The one upside of our slow speed was that we arrived at Isla Isabel at around 7am, so we had the benefit of daylight for finding a spot in the anchorage. We dropped our trusty new 55-pound Delta anchor, having come over 200 nautical miles and putting only 5.2 hours on the engine. Considering that about half that time was coming out of the Altata channel, we were pleased to have come so far under sail.

Todd went below to get some sleep, and I sat down in the cockpit to enjoy a nice strong cup of tea. I was sipping it peacefully when WHAM! Something dropped out of the sky right on to my head! And there it was in the cockpit well, struggling to right itself: a brown booby! It scrambled up and jumped onto the jib sheet, where it struggled to keep its balance. It seemed as stunned as I was, but after a few minutes it flew away just fine.

When the bird hit my head, I cried out in alarm, and woke Todd. “What’s going on?!” he yelled from below. “A booby just fell on my head!” I replied. “Wow, we really are in paradise!” he exclaimed. “In Vegas that would cost $20!”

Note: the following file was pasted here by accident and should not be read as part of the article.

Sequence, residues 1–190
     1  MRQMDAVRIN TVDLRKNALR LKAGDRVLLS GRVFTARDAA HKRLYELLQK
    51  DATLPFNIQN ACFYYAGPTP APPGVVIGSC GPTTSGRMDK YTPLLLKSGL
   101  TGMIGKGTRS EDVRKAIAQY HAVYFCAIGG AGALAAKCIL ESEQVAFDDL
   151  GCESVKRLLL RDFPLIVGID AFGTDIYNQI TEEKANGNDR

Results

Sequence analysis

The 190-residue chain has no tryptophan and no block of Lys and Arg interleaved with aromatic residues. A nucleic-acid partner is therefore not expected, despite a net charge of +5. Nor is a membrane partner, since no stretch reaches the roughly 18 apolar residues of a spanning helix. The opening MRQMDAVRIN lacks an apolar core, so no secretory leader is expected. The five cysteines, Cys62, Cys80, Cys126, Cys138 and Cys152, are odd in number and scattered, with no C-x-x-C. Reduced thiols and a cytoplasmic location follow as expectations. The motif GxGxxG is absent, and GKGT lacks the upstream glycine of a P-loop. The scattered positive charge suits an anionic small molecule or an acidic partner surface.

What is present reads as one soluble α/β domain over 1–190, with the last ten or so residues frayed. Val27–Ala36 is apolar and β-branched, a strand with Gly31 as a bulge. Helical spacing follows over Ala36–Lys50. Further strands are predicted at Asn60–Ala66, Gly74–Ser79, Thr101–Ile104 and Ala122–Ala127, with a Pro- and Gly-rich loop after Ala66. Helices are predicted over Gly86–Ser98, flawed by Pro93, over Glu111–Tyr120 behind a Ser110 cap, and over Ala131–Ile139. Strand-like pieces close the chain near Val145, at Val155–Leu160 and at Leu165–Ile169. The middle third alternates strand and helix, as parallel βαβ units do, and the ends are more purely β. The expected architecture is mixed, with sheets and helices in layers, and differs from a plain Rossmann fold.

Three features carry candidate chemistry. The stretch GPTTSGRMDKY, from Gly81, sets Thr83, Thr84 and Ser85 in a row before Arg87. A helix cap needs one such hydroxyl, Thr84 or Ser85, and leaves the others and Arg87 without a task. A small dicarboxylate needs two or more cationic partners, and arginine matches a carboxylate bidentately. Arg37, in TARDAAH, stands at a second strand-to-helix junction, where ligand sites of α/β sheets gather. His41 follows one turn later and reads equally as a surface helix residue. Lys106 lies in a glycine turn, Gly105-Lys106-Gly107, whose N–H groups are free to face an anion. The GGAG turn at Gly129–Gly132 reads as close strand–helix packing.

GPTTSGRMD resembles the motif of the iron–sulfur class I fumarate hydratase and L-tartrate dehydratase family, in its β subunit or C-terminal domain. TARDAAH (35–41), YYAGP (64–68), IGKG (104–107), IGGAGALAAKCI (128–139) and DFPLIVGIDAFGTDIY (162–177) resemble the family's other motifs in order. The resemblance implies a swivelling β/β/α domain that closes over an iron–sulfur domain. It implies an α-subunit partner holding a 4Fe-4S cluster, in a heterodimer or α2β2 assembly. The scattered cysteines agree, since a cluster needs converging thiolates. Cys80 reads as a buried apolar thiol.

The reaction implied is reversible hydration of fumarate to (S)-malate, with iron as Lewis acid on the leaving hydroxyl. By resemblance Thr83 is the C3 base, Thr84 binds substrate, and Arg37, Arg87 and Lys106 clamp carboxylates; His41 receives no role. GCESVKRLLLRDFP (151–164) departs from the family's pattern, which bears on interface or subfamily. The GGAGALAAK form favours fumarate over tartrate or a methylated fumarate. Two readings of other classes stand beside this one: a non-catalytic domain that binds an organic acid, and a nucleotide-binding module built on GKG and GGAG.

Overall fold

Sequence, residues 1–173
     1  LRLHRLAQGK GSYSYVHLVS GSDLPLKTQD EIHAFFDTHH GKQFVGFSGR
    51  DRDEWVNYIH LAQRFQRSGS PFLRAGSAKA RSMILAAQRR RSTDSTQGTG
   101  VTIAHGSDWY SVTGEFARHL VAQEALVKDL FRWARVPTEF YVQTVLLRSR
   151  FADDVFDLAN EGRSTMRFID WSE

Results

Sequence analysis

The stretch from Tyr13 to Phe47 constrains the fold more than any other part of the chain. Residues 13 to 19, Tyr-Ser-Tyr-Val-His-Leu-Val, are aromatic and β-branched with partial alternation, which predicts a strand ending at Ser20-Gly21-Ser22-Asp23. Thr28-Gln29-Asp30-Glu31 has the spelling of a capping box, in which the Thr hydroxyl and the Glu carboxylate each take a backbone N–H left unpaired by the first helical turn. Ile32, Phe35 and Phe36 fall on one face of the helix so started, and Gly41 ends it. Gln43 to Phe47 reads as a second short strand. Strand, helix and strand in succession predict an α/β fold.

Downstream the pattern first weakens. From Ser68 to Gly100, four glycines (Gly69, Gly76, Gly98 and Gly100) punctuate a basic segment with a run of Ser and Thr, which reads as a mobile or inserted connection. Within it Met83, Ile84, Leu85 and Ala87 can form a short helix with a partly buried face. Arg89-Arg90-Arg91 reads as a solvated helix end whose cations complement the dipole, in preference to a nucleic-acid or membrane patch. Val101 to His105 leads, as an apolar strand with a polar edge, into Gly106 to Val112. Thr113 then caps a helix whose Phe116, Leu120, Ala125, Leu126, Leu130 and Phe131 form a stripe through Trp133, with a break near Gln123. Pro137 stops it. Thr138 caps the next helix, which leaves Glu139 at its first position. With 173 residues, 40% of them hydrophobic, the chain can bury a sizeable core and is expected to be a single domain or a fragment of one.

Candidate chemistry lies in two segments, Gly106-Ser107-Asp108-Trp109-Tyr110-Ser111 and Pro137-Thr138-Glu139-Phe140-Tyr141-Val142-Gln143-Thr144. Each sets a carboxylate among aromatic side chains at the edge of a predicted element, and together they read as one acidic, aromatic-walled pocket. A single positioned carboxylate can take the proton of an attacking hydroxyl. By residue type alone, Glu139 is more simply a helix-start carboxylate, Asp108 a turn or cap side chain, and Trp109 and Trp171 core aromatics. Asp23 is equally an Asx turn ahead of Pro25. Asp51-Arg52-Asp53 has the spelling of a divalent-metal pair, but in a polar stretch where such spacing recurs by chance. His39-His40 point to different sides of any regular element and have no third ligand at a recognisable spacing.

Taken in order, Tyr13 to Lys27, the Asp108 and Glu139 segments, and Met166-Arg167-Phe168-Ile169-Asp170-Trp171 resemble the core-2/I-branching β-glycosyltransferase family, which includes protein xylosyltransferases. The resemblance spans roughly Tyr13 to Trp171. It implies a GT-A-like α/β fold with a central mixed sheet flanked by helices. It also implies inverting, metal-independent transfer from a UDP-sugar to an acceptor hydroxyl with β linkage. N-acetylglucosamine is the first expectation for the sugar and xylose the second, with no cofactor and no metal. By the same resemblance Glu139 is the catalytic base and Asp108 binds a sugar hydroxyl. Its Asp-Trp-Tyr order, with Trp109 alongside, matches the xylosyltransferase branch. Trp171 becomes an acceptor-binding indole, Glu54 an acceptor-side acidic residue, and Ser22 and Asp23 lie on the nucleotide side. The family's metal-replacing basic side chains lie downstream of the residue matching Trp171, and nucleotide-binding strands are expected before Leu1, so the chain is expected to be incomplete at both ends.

We were happy that Ralph and Glenda on Our Country Home were also at Isla Isabel. They owned the slip that we rented for our boat back in Emeryville. We didn’t really know them until we came across them in La Paz (adding to our belief that everyone who sails ends up in La Paz eventually!). They’re a sweet couple that we enjoy spending time with. They had caught a yellowfin tuna, and invited us to join them for dinner one night. Delicious!

When I thanked Glenda for cooking and thanked Ralph for catching the fish, Ralph told us that Glenda had caught it. Turns out, Glenda was cleaning up the boat when the fish hit, and she fought it, reeled it in, gaffed it, cleaned it and cut it into fillets… all while Ralph slept below. This tells me two things: (1) Glenda is the coolest grandma in the world (next to Koiya’s Bachan, of course!) and (2) when it comes to division of labor at sea, we women are all in the same boat!

Onshore, we were thrilled to see the nesting frigate birds and boobies up close. We felt like we were in a National Geographic special (though Capn Booby was confused by the lack of naked women). It is hard to love frigate birds because they are moochers and thieves, getting most of their meals by harassing other birds into dropping their fish. But they are beautiful in flight, with their long scissor-like tails and impressive swoops and dives. And when nesting, the males puff up the large red pouches under their chins, putting on quite a display.